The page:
"If you have anything toward the solution or resolution," of the situation, he told a reporter, "feel free to email us."
A spokesman for Wheeler stressed that the office is not involved in the negotiations, but cast things in a positive light.
"When we look back a few weeks and compare today to what was going on, we see a positive trend," said Jim Middaugh. "We see a path forward that allows the Kinneys to get their home back."
Some of the residents who spoke with the Tribune say the encampment north of the property on a vacant lot has been growing, with activists on Twitter openly planning to turn it into a "community center."
The neighbors also feel that other local properties could become occupied by squatters given the rhetoric from some of the leaders.
"We held the city hostage, not the other way around," said Ragina Gray, a prominent local organizer who was a leader during the Red House occupation, in a recent Instagram video. "We stopped traffic, we stopped transportation, we stopped business and commerce, we stopped trash and recycling. I mean, there were people who literally felt like they couldn't leave their houses.
"...We held that space until we were given what we wanted. And if you can't accept that then I don't know what your problem is," she added. "I'd say you don't understand how war works."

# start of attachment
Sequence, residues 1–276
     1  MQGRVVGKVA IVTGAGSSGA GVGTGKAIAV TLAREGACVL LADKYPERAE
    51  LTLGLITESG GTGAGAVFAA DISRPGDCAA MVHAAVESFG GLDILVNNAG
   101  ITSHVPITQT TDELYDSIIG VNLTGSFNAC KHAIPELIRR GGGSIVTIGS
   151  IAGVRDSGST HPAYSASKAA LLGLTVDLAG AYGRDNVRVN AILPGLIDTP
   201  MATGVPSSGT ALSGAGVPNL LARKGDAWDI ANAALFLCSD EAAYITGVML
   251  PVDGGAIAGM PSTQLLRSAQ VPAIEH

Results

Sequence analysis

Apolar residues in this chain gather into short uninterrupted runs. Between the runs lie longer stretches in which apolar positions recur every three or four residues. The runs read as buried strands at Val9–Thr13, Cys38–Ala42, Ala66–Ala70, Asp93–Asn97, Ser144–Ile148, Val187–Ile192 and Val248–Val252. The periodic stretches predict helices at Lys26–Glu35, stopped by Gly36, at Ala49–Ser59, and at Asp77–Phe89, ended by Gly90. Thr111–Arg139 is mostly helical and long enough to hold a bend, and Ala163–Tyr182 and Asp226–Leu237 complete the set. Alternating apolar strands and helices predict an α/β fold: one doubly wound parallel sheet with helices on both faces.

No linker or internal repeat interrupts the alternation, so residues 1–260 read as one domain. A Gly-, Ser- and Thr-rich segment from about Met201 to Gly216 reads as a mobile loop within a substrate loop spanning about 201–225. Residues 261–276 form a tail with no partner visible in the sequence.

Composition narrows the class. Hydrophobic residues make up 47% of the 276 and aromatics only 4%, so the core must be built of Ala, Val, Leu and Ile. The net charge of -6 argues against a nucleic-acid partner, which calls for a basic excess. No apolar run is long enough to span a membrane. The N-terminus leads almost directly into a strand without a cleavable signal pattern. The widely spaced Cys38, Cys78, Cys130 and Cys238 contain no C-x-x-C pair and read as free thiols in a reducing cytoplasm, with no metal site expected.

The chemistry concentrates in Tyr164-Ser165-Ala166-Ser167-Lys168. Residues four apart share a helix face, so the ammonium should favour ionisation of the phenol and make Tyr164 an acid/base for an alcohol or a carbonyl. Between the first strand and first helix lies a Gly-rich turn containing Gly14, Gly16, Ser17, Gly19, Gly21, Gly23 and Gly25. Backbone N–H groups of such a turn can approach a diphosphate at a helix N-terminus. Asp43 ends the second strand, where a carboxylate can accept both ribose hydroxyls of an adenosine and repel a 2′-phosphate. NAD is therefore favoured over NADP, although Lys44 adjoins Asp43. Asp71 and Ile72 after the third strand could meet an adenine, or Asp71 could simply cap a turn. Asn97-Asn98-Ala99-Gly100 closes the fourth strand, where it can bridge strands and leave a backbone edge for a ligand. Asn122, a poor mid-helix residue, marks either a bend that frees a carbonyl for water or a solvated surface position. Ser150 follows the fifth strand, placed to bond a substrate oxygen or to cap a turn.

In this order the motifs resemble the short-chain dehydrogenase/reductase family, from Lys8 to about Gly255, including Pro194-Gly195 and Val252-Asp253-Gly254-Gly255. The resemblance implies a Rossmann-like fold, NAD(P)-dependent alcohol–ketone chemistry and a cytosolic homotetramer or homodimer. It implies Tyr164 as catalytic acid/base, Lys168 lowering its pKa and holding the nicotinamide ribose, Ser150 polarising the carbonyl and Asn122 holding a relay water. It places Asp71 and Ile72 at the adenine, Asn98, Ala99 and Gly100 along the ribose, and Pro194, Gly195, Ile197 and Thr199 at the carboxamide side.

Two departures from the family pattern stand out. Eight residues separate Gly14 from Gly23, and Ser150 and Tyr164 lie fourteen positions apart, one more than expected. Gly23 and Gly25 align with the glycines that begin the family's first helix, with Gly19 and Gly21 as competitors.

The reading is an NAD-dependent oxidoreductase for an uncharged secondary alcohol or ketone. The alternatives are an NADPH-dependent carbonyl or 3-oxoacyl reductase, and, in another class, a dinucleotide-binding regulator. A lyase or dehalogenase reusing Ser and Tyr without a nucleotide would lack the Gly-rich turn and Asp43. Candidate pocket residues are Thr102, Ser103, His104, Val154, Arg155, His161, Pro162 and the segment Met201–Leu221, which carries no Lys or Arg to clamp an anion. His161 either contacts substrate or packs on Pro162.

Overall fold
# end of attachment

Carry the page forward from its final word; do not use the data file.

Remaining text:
She urged viewers to join the encampment, even if they did not have weapons to bring with them. She added, "if you're listening to this right now, you should rise up with all your friends and take the houses — every single last house."
Camp site changing hands
Last week, the Portland Tribune first reported that the owner of the vacant lot to the north of the Red House — the main campsite for the Kinney family's supporters — was intending to sell it to a local nonprofit that serves the local African American community. Shortly after that, The Oregonian reported that the nonprofit is Self Enhancement Inc., or SEI.
While the owners said, through a spokesman, that they had been planning to donate the land before the standoff began, it also followed repeated unsuccessful requests to the city to remove the trespassers camping there for months, according to a spokesman.
The landowners again informed a representative of the camp shortly before Christmas that the campers were not allowed to be there.
As the tenuous situation continues, Wheeler's spokesman, Middaugh, said he can't predict how the city and Portland police will respond to future occupations, but stressed that the mayor supports eviction moratoriums and other programs such as rental assistance.
Middaugh said that, in this case, the community "stepped up" by contributing more than $300,000 to help the Kinneys repurchase their former house. And he rejected the notion that Wheeler, who oversees the police, was not enforcing the law, saying that some criminal investigations linked to the Red House eviction blockade are ongoing.
"I think every situation is going to be unique," Middaugh said. "I think the biggest challenge we face as a community is how much inequity are we willing to accept in our community? And we have to solve for employment and education, health care, and all the things that underlie the economic challenges families are facing. ... We're going to take it case by case."